And tailor your proposal to your audience

Yes, for sure. Because even if there are multiple parties interested in your project, they all might be interested for different reasons. So with research, again, you can predict what will be most important to each audience and what they’ll want to hear.

 

Also: save all of your materials. It sounds obvious, but not everybody does that. Take that extra step to just copy and paste everything that you’re working on into a Word Document or Google Doc so that next time you have something to work from rather than starting from scratch each time. Sometimes when I just need language, that’s the first place I go.

 

Based on your experience as a Fiscal Sponsorship Manager, what are the success stories you’ve seen projects have with fundraising?

So fiscal sponsorship is a way in which small projects or organizations can “borrow” our nonprofit status to help get funding from more diverse sources like corporate sponsorship or tax deductible donations from individuals or funding from entities that require 501-C3 status.  

 

Our longest running projects definitely do all the things I’ve suggested like a lot of planning and research, having a really clear vision, clearly communicating their benefit to the community, etc. 

 

I also think the most successful projects try not to grow too fast.  A lot of people come in with the expectation that their project is going to explode and become a nonprofit and be funded by the biggest foundation in town.

 

But it really takes time to develop relationships with the community and with funders and to have small successes, and document those successes. Such a huge part of it is not only doing great work but telling people about that work and showing impact.

 

If you can have a small success and then tell a really great story about it, then that sets you up for success for your next big step and people will believe that your next big step is possible. 

 

Another thing I would say is that successful projects have diversified income built into their plan. They’re not just relying on grant funding for all of their public programming. They’re also offering classes, or charging ticket prices at different levels for different audiences.

 

What advice would you give to someone struggling with the first steps or is just overwhelmed by the entire process in general?

Fresh Arts has both a grant writing toolkit and a budgeting toolkit, so you can start with those. 

 

But I just want to say again: research, research, research, research. Because it is so disheartening to spend the time applying for an opportunity to realize later from the fine print that you actually weren’t even really eligible by some technicality like your address, which happens often.

 

But also, is this even the right thing for this time in your career? Maybe this is something that’s going to be eventually right for you, but it’s not right now. And you don’t need to rush into it if you feel like it’s too much of a stretch, because that’s time that you could spend trying to problem solve for your project in another way.

 

Also, this goes back to planning, but things like grants or working with big institutions involve much longer timelines than individual artists are often used to working on. So if you have already set up this project to launch in four months or two months or something, and you’re expecting to get a grant or to get corporate funding, a lot of times that’s just not possible for them, even if they love your project.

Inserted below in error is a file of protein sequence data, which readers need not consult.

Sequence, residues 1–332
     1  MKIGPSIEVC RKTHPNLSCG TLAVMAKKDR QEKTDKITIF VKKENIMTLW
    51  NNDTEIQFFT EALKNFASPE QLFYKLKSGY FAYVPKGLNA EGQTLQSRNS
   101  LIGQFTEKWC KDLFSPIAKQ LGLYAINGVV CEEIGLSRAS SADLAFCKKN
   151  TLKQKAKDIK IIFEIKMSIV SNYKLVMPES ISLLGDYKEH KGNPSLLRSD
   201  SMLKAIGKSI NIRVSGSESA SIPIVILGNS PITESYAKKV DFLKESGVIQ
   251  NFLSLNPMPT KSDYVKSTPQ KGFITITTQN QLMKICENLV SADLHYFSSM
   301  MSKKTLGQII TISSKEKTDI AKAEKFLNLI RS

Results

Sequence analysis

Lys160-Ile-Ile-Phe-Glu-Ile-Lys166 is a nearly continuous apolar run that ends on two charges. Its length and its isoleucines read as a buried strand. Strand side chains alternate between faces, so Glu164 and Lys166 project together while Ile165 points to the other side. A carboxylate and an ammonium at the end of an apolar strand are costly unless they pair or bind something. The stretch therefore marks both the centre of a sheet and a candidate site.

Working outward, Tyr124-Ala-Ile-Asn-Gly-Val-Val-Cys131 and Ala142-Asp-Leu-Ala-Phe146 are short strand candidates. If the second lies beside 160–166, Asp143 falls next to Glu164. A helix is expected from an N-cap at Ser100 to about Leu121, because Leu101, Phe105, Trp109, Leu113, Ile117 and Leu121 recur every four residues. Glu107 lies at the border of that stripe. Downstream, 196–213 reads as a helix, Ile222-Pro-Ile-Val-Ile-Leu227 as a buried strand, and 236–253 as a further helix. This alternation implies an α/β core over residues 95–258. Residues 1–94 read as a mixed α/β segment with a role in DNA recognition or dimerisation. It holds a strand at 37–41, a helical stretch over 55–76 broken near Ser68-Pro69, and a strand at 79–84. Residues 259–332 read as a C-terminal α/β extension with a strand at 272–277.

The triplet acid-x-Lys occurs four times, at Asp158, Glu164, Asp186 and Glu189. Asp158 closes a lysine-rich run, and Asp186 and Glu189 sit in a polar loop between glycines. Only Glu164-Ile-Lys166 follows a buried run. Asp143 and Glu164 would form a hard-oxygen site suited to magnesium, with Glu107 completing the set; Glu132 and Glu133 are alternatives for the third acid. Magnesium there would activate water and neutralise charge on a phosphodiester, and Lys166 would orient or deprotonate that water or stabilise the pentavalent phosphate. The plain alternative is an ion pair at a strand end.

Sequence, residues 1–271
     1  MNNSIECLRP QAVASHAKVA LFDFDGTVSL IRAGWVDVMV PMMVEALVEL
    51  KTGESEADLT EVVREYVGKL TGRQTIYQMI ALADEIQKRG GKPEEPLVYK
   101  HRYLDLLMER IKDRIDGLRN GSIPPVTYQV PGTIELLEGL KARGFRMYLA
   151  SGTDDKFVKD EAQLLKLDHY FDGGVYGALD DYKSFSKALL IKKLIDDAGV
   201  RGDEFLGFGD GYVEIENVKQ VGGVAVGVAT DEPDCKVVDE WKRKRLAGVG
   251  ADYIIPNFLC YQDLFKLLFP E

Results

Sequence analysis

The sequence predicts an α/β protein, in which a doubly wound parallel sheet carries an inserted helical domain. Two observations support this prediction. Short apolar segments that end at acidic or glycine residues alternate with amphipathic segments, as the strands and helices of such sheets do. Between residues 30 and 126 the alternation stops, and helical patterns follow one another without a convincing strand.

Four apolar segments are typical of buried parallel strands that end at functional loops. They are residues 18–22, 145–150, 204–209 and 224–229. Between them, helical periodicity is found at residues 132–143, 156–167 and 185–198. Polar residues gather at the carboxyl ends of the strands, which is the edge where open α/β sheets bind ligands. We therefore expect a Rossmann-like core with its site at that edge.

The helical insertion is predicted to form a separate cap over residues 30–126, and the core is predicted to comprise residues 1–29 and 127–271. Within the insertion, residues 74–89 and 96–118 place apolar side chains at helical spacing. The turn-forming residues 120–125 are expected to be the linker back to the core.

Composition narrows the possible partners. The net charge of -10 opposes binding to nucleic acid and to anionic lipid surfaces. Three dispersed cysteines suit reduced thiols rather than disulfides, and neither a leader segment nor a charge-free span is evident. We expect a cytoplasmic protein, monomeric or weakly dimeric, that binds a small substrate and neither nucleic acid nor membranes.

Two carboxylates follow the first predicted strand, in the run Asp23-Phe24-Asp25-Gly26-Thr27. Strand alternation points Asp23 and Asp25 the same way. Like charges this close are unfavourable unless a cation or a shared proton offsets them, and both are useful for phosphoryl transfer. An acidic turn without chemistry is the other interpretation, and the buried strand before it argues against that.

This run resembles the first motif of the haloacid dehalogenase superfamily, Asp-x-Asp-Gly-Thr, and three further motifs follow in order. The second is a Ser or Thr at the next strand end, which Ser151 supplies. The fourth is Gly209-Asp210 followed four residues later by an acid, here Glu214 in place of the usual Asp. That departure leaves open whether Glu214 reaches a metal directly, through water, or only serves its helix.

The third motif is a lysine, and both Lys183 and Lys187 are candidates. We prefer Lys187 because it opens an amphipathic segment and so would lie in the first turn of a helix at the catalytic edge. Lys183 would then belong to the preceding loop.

So really, when you’re starting to think about outside funding and larger projects, remember that it’s kind of a long game and expect that it’s going to take longer to get the money, set up the project, have your debut, etc. That’s the way it is with big projects. And that’s also how you accomplish really cool, big things. 

 

You’re not always going to get every opportunity that you apply for and rejection is just par for the course. It happens to me all the time. But you learn from each rejection and if you already have a few different versions of your budget and a few different ways of talking about your project, then you can just use those for the next opportunity. And the next one that you write is going to be better because you put in that work on the front end. 

 

Also it takes practice. It’s hard not to become discouraged, but it’s a skill like anything else, like the art that you practice. You may not have to get as good at it as you are at playing the cello, um, but, but you do have to practice to get a little better at it.

 

And always ask your friends or mentors for feedback. Sometimes it’s helpful to ask an artist from a different discipline, because sometimes the panel members for funding opportunities don’t understand everything about your discipline.

 

Also a lot of opportunities now are offering info meetings. Houston Arts Alliance, Houston BIPOC Arts and Network Fund, The Idea Fund…even some national opportunities that I’ve wanted to apply for. They’re really helpful. Sometimes it shows me that it wasn’t actually suited to me which is great because now I’m not going to waste my time applying.

 

And if you get rejected, see if you can request feedback. Not everybody provides it, but more places do these days and it can be really helpful for the next time. There have been times where we didn’t get the opportunity the first time around, got feedback, reworked the proposal or came up with something that was more appropriate, and got approved the 2nd time around. So even if you’re rejected once, it doesn’t mean you will be again. 

 

You mentioned a ton of great resources already. Are there any more you’d like to mention before we wrap up?

Organize gatherings. Do you know other people who are going for the same opportunities as you?  I think we’re trained to think of each other as competitors, but nobody does exactly the same kind of work that you do. And  you’re going to be much happier and better resourced if you treat your artist friends as colleagues and you’re all trying to lift each other up at the same time. So do that with your friends. You don’t need somebody to formally organize it.

 

Awesome. Well hopefully someone reading this is now less intimidated or confused about how to start securing funding for their project or practice. Thank you Julia!